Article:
Jon Foreman’s “25 in 24” tour provided not only a fascinating behind-the-scenes glimpse at how his unlikely feat of performing 25 shows in 24 hours came to be a few years ago, but also reminded fans of just how deeply his conviction to live each and every hour of life he’s been given to the fullest still runs. This was a breathtaking show, with unique arrangements of songs from Foreman’s solo albums and a few fan-selected Switchfoot tracks, revealing entire new worlds of possibility behind even songs I’d known and loved for close to two decades.
My concert reports are becoming fewer and farther between as I get older, largely because I’ve become more selective about how much trouble I’m willing to go to in order to see a band live. Simply recreating the sound of the record isn’t enough. There has to be a little something extra about your live show – a special energy, an infectious personality that easily wins over audiences who might not all be familiar with your work, a tendency to change up setlists and sprinkle in surprising deep album cuts, etc. More of the bands I’m into nowadays are independent, so unless they call the West Coast home, they might not even make it out to L.A. terribly often. That’s why I made it a priority to see The Last Bison at The Mint last night, even though driving out to West L.A. on a weeknight isn’t normally something I’d be inclined to do. My wife and I hadn’t been to a live show together since Nickel Creek last May, and The Last Bison was one of those bands that might sound a little rough around the edges on their records, but in a live setting, that’s exactly what makes them so much fun. (Plus The Mint is a comfortably small venue with easy parking on the nearby residential streets, and their rather chill policy regarding cameras and will call and people getting to shows late and all of those other little details that can be a hassle at other venues makes it a place I’d highly recommend if you’re ever fortunate enough to discover that a favorite artist of yours has a gig there.)
Last night, Anberlin put one of the most high-energy rock shows that I’ve ever attended – the kind where just watching is exhausting. (Not being able to resist moving to the kinetic rhythms of many of their songs – even when socked in by the presence of several other sweaty bodies – might have something to do with that.) You know how a runner who is otherwise exhausted can somehow still find an extra dose of strength to make that last sprint to the finish line? That’s what seems to have happened with these guys on their final tour. They tore through over 20 of their songs with hardly any breaks, only stopping briefly to thank the audience for making their 12 years of existence as a band such a blast.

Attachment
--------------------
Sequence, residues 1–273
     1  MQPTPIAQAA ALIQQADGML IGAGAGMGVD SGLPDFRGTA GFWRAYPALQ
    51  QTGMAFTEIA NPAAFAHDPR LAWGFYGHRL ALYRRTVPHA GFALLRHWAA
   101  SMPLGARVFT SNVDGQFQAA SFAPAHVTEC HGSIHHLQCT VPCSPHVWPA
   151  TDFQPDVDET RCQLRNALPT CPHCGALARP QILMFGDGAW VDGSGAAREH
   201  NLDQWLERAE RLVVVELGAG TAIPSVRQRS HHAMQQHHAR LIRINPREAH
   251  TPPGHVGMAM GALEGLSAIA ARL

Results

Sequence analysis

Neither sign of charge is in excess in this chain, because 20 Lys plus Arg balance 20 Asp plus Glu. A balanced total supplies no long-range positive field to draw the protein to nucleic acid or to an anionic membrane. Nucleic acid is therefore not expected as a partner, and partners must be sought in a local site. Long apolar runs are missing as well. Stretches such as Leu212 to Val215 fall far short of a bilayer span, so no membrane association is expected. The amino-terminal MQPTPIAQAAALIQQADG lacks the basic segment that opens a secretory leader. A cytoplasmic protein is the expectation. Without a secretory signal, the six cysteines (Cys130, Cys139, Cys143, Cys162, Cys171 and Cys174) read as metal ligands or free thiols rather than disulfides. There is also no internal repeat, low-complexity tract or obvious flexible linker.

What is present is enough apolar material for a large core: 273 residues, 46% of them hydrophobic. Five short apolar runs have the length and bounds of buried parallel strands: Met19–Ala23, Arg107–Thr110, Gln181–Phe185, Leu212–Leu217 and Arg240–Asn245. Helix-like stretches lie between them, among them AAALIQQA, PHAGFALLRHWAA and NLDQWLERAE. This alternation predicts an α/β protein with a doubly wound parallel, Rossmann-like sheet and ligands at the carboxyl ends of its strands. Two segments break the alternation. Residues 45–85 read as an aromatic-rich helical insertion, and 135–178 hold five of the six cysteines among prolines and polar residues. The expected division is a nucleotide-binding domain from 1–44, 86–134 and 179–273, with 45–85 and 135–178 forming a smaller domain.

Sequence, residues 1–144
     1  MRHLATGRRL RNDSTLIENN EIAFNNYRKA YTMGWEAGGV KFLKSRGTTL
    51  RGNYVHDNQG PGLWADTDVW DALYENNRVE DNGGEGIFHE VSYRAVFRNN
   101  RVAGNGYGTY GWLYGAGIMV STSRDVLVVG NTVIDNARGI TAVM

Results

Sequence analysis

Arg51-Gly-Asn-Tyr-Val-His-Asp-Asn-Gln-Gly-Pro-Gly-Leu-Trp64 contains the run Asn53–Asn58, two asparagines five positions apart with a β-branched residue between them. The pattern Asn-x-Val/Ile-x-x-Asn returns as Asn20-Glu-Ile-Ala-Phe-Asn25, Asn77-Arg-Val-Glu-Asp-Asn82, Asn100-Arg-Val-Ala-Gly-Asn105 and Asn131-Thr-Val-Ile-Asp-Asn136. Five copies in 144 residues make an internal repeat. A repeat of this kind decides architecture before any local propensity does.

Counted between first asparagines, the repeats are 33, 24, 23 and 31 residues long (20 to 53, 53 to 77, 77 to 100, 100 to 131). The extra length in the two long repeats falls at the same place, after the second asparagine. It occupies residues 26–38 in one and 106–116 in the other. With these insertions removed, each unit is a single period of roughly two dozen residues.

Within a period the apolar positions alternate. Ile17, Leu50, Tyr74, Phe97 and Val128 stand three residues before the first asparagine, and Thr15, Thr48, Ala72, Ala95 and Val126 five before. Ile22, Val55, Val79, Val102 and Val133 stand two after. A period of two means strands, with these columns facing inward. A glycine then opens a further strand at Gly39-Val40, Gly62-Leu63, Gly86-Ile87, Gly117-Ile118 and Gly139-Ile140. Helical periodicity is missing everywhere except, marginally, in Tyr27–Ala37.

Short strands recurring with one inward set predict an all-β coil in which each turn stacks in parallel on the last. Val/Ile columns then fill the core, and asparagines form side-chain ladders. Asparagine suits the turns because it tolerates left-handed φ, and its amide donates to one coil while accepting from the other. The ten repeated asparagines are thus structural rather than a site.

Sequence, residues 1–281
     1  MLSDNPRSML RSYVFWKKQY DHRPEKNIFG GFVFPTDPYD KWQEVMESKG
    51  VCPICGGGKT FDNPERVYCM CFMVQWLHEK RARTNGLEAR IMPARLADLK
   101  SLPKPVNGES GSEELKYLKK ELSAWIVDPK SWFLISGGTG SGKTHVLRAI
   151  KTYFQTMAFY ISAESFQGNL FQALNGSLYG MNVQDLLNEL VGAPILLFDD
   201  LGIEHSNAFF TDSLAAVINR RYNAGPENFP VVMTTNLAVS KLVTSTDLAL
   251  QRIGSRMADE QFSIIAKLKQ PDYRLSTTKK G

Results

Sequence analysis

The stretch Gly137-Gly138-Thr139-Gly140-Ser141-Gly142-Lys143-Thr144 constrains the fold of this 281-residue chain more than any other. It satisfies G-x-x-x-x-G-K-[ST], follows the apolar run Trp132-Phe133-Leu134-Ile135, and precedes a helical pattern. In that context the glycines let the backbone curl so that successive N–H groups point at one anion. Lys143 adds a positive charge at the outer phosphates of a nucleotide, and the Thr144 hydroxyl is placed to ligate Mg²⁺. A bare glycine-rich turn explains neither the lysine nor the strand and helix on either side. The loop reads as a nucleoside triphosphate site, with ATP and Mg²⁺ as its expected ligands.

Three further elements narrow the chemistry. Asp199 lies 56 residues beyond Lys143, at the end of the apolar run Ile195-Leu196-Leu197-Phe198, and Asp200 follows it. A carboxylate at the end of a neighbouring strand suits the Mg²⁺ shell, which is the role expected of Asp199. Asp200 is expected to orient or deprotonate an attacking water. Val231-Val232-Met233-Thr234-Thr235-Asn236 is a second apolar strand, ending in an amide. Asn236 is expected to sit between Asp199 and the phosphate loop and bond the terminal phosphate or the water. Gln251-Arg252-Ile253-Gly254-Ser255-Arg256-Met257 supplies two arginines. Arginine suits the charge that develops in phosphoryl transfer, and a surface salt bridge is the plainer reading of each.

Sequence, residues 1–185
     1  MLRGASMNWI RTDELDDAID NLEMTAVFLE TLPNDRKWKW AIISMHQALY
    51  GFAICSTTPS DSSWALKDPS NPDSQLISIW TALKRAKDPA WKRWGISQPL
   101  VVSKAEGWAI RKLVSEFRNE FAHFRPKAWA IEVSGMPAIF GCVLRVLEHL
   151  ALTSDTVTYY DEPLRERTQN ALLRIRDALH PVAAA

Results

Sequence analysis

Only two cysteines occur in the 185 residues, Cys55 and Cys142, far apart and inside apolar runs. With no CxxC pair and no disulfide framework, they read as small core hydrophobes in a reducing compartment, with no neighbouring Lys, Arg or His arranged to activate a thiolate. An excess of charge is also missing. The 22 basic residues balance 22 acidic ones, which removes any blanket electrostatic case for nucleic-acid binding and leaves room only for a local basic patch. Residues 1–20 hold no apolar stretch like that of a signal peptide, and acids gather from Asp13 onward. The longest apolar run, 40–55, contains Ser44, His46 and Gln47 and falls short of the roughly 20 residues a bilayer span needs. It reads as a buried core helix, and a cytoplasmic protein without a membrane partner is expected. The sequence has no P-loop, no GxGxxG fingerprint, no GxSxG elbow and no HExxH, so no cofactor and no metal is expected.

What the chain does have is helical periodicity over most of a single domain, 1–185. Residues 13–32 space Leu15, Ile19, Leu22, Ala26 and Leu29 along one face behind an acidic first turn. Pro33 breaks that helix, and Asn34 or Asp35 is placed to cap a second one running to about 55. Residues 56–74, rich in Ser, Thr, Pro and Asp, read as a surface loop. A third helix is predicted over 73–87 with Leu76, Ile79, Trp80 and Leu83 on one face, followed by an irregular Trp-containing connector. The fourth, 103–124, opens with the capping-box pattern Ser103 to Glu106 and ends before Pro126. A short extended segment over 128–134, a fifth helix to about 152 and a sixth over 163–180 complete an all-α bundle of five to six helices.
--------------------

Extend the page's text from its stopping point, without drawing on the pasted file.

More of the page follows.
Saw Chatham County Line at The Mint last night. I’d never even listened to any of the band’s work up until a few weeks ago when a friend recommended I check them out. Their new album has been slowly growing on me. This same friend’s wife didn’t want to go to the concert with him, and my wife’s out of town, and I figured I should get out and be social, so we went together.
The last two times I saw Nickel Creek were at the exact same venue where I was fortunate enough to see them perform earlier this week, on the final evening of their reunion tour. I realized just as I was typing that sentence that I’m incredibly spoiled.
“We keep changing the music, and you guys keep coming.”
Michael Gungor said this during a heartfelt moment of thanking the audience for coming to see him, his wife Lisa Gungor, and their band perform at the El Rey last night. It’s standard operating procedure for bands to thank their audiences for attending shows, but I could tell that seeing us all there at each stop on the tour was especially meaningful, given that a lot of the music on Gungor’s latest album I Am Mountain had arisen from a season of doubt and distress, and the new songs discussed these in sometimes metaphorical ways that weren’t as clear on the outcome or “answers” as a lot of Christian music fans might expect. And that’s to say nothing of their stylistic shift, from kinda rock-oriented indie worship band on Beautiful Things, to full on baroque and even a bit bluegrassy on Ghosts Upon the Earth, to the snapshot of a sort-of-electronic, sort-of-acoustic, sort-of-jammy and sort-of-abstract band in flux captured on I Am Mountain. You just never know what you’re gonna get from a Gungor album, or from one of their concerts, but they remain one of the most talented and prolific bands on the “indie” side of Christian music, and they’re always a treat to see live.
Saw Vienna Teng at The Largo tonight. Geographically, West Hollywood might as well be Timbuktu for folks living on the side of L.A. that we do, and there aren’t many artists for whom I’d brave the weekday rush hour traffic. But Vienna is one of them, especially due to the long gap between tours due to her attending grad school in Michigan.